While playing with metronomes will no doubt make everything tougher, it is a great way to get used to playing with an outside beat. Sometimes, when students tap the beat themselves, or count aloud, they unknowingly slow down in the harder spots, or speed up towards the end of a piece. Using a metronome will allow practicing with a steady, constant beat.

2.     Practice rhythmic exercises

Start out simple and work your way through more complex patterns. Clapping and counting rhythms out loud is a great way to become more comfortable with rhythms, especially for students who learn best through auditory methods. For visual learning, write in the rhythm (1 + 2 + 3 + 4+…) in before playing or clapping.

3.     Understand the time signature

Rhythm is expressed, stated, and describe with a time signature, which defines the note duration and time relationship. A rhythm in 4/4 time will be different than one in 6/8 time, so make sure you understand these values first, before counting or playing.

4.     Watch out for rests, ties and dotted notes

More complex rhythms will have these components which will increase difficulty.  Make sure to spot these tricky parts and work on them separately at first!

5.     Start slow

Any new rhythm should be practiced slowly, giving full value to all notes, rests and any other markings in between. Start as slow as needed so there are no unwanted pauses between sections or phrases – and challenge yourself to go faster once you have mastered a lower speed.

6.     Listen and play along

Listening to the piece before attempting to count, clap or play it will help your ear identify if you are doing it correctly or not. For another challenge, try playing along with the recording and see if you can match the rhythm, once you have a good grasp on it!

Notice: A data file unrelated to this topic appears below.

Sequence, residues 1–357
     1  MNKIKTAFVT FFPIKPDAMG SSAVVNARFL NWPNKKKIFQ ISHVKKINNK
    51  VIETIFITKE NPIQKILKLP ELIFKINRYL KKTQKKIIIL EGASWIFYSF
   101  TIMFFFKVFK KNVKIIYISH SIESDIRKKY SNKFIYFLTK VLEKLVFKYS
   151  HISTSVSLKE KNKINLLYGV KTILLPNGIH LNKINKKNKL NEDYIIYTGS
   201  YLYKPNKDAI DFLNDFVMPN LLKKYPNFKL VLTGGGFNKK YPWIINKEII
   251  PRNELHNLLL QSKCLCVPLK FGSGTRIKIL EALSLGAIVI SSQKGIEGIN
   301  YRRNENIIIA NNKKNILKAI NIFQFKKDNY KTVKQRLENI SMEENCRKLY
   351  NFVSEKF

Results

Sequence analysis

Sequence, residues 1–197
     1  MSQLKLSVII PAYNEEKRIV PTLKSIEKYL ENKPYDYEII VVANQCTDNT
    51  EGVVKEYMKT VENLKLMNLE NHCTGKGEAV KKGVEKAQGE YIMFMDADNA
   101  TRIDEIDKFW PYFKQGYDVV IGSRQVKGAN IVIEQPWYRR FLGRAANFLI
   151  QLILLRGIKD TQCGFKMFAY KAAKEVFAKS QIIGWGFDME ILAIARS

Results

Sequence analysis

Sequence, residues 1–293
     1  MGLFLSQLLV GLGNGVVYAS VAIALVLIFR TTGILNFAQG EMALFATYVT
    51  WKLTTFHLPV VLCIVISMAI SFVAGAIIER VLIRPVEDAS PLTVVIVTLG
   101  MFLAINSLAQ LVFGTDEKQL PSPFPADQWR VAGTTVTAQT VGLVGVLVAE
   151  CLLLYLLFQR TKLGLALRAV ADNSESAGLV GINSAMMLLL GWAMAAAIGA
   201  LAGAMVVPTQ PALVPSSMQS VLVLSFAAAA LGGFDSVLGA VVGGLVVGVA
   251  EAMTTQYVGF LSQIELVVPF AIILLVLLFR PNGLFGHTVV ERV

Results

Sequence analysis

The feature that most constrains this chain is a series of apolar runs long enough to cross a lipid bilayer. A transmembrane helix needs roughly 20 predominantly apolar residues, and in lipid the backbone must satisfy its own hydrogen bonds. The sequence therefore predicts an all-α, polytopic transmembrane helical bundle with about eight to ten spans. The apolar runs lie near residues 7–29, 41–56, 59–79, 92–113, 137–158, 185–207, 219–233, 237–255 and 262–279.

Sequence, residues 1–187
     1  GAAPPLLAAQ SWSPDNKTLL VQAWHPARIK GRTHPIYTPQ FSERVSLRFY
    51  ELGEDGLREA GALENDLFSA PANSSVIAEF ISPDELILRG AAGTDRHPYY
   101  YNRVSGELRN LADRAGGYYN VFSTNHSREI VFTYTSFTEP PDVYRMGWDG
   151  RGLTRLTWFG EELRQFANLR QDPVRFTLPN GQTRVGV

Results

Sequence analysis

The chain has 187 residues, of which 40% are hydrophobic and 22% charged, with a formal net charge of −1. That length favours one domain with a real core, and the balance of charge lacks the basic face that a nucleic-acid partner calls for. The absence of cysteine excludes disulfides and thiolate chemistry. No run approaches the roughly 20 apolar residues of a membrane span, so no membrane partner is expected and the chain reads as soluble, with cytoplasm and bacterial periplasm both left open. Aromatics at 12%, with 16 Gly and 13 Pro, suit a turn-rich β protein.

Not sure where to begin with your rhythm practice? Download the exercises below!

Exercise 1: Rhythms – Beginner

Exercise 2: Rhythms – Intermediate

Exercise 3: Sixteenth Notes

Exercise 4: Triplets

Exercise 5: Dotted Rhythms

Exercise 6: Syncopation

Practice! Practice! Practice! 10 Tips Every Student Should Know

Practicing is essential, no matter what instrument you’re learning. And good practicing etiquette will improve your playing ten-fold. Here are some tips to help you get the most out of your practicing time:

1. Don’t just play, think. Thinking and visualizing what you want to achieve out of each practice session will help you improve at a much faster pace. Before you start practicing, ask yourself what the end goal is, and visualize yourself getting there.

2. Good posture. Whatever instrument you play, or if you sing, check that you are standing or sitting correctly. Your back should be straight, chest up, and feet planted firmly on the floor. Check that you are properly holding your instrument and that you are relaxed and comfortable. Poor posture can affect your playing ability and could even lead to injuries if not corrected!

3. Make sure you warm up. Spend a few moments, at the start of each session, to warm up. This can be done through finger exercises, scales, triads, rudiments, solfège (for vocal students) and many other warm-up exercises. The key is to keep them simple and start slowly; working your way from easiest to more challenging pieces.